The Food Systems Working Group has focused on developing a collective set of capacity-building strategies within each of four sub-regions of Central Appalachia. Across Appalachian Ohio, southwest Virginia and east Tennessee, eastern Kentucky, West Virginia, and Western North Carolina, the working group brought together funders, non-profit leaders, government officials, and grassroots groups to create a shared analysis of the capacity gaps in their food system and a set of priorities for strengthening that capacity. The resulting strategies were organized into a multi-state application for a USDA Rural Community Development Initiative (RCDI) grant, which will support implementation of those strategies at the sub-regional level. The RCDI project goals are:

  1. Develop common analysis of capacity gaps and establish shared strategies to build food system capacity within each sub-region.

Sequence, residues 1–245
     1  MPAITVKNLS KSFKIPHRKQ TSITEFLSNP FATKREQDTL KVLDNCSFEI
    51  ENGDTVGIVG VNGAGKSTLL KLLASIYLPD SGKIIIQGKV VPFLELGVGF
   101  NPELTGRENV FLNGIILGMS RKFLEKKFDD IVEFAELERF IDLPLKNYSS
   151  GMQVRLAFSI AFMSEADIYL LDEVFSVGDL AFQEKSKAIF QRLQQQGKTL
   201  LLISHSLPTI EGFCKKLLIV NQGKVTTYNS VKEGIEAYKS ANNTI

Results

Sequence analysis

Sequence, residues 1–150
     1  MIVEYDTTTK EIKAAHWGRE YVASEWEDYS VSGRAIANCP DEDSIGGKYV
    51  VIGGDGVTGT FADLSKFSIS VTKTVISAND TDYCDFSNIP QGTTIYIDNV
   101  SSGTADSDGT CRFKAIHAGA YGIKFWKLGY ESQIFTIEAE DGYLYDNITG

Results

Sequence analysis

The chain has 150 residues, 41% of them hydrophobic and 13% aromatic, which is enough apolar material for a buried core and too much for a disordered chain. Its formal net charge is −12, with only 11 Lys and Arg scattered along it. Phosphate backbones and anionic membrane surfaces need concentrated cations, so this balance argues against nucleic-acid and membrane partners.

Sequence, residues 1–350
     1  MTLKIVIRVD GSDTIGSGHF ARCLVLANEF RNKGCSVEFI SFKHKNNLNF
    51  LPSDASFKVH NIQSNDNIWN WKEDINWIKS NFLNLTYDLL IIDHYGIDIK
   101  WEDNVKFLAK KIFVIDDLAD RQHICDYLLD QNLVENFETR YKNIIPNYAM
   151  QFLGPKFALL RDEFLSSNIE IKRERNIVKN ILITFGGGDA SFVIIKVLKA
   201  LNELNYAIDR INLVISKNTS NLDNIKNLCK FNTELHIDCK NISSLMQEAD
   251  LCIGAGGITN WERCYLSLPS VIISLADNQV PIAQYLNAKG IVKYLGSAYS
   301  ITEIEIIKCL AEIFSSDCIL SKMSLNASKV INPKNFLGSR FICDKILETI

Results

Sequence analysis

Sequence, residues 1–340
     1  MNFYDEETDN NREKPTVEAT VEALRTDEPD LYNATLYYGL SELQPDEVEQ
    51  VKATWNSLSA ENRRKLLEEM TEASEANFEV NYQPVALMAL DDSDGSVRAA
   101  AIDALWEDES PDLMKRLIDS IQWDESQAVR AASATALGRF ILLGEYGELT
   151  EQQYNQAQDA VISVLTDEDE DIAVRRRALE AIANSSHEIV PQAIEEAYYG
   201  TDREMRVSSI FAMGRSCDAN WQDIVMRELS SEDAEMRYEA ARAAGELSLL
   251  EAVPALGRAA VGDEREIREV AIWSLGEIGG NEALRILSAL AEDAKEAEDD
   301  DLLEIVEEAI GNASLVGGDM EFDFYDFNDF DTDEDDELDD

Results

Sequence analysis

2. Connect funders and practitioners through strategy-sharing, peer learning, and other activities, to better inform food system development efforts across Appalachia.
  3. Leverage federal, state, and philanthropic resources to influence grantmaking strategies and increase external investment into Appalachia’s food systems.
  4. Strengthen the capacity of local food actors, including farmer groups, non-profits, local government, public officials, food banks, schools and other institutions, and food entrepreneurs.


As noted in Goal #2, the working group structure will also allow approaches and models to be shared across Central Appalachia, as funders and practitioners come together through regional convenings, peer learning exchanges, calls, and other forms of coordination. By bringing together the analysis, best practices, and strategies developed in each sub-region, we will be able to understand the leverage points and prioritize actions that can accelerate the development of healthy and resilient food systems across the entire region.

Food System Strategy Areas

While the Food Systems Working Group provides an important platform for aligning strategies, connecting food system actors, informing funder approaches, and leveraging resources, it is building on a broad body of food systems work that is ongoing across the region. Some of the current food system development strategies that are moving work on the ground in Central Appalachia right now include: